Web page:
Two hands lay outstretched on a narrow bench, palms facing up, as if in supplication, asking for alms. They were delicate, beautifully shaped; yet the palms and wrists appeared scorched and scarred, with leathery skin resembling a mummified crocodile hide. Their dark sheen was actually from bronze, and the “scars” were in fact the imprints of myriad tiny marble squares, forming a kind of tile-less mosaic.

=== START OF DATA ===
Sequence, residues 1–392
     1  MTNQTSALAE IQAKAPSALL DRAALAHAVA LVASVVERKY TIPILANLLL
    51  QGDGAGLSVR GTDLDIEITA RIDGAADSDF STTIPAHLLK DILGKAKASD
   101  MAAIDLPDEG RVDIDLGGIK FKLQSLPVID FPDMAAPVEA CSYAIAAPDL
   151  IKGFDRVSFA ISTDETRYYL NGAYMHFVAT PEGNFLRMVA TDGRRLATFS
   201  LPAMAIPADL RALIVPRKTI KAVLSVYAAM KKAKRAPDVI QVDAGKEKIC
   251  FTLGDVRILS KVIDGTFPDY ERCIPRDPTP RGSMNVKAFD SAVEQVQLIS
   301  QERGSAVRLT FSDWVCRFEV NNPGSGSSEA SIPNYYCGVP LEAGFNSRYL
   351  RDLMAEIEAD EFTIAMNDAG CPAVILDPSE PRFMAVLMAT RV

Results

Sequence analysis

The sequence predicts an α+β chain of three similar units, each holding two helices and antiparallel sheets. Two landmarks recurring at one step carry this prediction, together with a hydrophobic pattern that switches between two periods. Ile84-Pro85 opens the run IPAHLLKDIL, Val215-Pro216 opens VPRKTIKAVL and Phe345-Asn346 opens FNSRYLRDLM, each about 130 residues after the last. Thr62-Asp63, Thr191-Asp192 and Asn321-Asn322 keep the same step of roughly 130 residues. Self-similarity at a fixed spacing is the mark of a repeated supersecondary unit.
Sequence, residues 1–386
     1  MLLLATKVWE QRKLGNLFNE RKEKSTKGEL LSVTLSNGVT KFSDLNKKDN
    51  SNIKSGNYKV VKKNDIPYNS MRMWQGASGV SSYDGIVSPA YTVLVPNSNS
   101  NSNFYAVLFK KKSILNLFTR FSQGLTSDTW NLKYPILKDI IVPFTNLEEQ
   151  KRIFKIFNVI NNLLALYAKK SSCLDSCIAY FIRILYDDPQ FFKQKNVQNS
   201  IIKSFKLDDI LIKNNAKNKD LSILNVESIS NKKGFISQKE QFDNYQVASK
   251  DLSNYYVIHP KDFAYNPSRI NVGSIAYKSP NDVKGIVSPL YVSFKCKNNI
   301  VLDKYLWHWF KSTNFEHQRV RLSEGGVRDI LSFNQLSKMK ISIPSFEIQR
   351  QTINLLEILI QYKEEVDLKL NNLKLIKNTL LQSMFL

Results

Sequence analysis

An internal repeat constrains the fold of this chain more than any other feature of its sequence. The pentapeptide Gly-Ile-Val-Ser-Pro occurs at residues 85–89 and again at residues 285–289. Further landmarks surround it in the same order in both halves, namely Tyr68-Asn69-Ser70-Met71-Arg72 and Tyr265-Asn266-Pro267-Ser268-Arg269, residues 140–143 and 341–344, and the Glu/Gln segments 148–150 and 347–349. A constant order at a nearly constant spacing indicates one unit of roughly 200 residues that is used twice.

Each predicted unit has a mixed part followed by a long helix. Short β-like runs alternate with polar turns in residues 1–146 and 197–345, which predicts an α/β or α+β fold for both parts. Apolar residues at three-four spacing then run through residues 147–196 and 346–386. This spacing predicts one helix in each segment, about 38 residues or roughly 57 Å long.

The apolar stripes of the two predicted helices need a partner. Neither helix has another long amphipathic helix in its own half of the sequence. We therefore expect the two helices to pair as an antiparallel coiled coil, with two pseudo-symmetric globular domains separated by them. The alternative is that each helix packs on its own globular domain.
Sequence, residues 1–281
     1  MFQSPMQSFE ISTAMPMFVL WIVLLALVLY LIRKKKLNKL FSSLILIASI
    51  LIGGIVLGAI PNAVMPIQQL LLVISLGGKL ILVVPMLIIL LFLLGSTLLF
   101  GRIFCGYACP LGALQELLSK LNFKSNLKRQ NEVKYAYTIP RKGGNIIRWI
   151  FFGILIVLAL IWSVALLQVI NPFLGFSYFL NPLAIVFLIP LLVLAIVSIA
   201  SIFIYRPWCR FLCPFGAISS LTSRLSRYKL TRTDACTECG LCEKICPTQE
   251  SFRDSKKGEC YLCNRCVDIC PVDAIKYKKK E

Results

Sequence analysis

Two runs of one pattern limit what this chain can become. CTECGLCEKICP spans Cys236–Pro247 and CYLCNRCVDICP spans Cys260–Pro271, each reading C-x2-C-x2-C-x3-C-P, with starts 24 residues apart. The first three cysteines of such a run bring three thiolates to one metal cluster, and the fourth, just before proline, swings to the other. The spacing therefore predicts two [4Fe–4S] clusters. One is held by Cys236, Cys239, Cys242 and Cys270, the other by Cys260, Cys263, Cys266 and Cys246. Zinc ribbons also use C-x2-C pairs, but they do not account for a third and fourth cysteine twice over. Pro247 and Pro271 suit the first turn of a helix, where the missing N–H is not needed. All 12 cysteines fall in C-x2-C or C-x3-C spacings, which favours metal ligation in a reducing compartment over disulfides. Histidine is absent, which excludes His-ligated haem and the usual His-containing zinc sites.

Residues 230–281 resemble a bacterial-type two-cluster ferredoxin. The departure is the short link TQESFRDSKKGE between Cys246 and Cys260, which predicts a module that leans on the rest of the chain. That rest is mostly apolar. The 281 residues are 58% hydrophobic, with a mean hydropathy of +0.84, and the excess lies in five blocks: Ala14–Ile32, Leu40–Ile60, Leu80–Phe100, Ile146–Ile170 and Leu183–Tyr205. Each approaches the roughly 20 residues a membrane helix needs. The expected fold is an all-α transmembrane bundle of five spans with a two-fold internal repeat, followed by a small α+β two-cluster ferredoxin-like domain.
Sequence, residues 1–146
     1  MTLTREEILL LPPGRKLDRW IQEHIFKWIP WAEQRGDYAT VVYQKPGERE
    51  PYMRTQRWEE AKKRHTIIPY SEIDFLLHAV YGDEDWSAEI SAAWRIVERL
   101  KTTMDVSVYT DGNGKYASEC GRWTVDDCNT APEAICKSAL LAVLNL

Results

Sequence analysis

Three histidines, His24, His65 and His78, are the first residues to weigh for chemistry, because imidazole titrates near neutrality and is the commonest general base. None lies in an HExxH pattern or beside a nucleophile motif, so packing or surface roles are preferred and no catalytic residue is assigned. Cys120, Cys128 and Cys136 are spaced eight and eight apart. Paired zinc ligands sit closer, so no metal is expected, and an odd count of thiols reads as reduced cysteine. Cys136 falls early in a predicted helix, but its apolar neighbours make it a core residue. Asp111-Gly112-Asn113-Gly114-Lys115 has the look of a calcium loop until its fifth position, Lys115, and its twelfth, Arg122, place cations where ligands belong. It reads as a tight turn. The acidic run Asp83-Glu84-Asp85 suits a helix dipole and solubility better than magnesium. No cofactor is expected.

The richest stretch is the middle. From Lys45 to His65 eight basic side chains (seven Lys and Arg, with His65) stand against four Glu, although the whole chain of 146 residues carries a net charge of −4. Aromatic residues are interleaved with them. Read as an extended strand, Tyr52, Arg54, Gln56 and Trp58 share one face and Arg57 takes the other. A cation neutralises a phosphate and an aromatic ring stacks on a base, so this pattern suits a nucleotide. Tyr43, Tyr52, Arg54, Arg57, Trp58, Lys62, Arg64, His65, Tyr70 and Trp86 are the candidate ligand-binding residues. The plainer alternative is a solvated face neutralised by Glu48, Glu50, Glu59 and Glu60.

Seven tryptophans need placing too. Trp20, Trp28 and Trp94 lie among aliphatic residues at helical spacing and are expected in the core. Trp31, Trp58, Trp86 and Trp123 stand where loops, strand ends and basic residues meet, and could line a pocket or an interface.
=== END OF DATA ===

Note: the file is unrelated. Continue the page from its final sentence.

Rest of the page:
This idea of imprinting is central to the work of Istanbul-based artist Hera Büyüktaşçıyan (b. 1984). Her second solo show at Green Art Gallery, “Write Injuries on Sand and Kindness in Marble,” drew on the space’s former life as a marble factory. In the show brochure and recent email correspondence, the artist says that places retain the stories of their past, the lives of all those who have inhabited or used them. Memories, geographies, and experiences are cumulatively embedded within the walls, much as pieces of old buildings are repurposed to create new ones in spolia architecture. Büyüktaşçıyan explores these historical traces through a notion she calls “aquamorphology,” which refers to water’s capacity to transform, over time, all that it touches.